#1
Nov1208, 08:53 PM

P: 20

Hi,
Is it true that the standard gravitational parameter of an object (G*M) is more accurately known than the the gravitational constant (G)? If so, why? Any references would be much appreciated. Thanks, San 



#2
Nov1208, 09:04 PM

Mentor
P: 14,456

Yes, its true. We can measure the standard gravitational parameter of some object by observing other objects orbits about the object in question. With hundreds of years of observing planets in orbit about the Sun, we have the standard gravitational parameter for the Sun nailed down extremely well (11 significant digits). We know the standard gravitational parameter for the Earth to 9 or 10 significant digits. While we can measure G*M very precisely, untangling G (or M) from G*M is a much harder task. We only know G to 4 or 5 significant digits.




#3
Nov1208, 11:12 PM

P: 2,265

i think what this also means (and i dunno which is cause and effect) is that we don't know the mass of the earth precisely. i know it's true that G*M is known to 10 digits and that G only to 5 (by measurement with a Cavendishlike experiment) but i find it unexpected that knowing the dimensions and composition of the Earth well, of the mutual orbit of these (unequal) twin planets around their common center of gravity, that with years of astronomical observation of the Moon, that we wouldn't have gotten that more precisely.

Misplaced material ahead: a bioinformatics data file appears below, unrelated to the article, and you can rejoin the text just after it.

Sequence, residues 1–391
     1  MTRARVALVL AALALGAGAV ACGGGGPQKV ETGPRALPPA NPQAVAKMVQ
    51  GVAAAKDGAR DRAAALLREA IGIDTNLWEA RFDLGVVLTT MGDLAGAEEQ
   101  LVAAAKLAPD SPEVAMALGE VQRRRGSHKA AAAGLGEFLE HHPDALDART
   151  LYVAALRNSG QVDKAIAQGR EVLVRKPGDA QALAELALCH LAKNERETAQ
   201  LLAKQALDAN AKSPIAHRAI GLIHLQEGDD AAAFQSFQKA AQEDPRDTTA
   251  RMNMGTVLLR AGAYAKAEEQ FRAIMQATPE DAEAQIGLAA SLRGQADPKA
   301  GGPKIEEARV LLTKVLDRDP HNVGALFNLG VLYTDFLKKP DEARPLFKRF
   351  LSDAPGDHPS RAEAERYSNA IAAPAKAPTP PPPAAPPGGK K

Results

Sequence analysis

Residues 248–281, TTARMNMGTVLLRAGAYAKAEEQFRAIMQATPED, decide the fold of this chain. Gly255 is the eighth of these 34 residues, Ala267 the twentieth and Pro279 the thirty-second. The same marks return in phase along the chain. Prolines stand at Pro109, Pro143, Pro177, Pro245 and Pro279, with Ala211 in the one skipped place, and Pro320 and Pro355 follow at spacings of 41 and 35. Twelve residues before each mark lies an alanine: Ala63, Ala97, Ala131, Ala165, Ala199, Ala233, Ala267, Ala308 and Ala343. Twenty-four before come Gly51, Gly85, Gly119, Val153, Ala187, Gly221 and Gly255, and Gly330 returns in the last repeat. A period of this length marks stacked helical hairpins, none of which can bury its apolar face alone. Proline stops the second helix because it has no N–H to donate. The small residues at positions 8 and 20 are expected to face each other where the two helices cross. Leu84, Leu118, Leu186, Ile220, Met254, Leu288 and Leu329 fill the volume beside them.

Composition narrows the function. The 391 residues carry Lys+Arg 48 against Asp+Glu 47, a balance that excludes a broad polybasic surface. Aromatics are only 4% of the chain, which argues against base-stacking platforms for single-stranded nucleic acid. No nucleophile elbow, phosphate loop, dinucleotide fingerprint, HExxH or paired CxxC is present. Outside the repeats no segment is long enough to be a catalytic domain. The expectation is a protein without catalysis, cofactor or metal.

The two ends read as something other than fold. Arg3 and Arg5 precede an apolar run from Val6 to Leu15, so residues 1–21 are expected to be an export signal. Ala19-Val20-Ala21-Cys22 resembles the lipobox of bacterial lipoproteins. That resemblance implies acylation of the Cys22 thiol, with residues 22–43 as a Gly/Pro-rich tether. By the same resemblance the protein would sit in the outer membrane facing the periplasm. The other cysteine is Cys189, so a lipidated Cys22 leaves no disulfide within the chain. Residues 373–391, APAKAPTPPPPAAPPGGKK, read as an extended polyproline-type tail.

#4
Nov1308, 01:26 AM

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P: 15,601

standard gravitational parameter
Why do you think we know the composition of the earth well? (Better than 10 parts per million, which is what 5 digits of accuracy means) Most of it is underground. :)




#5
Nov1308, 07:26 AM

Mentor
P: 14,456




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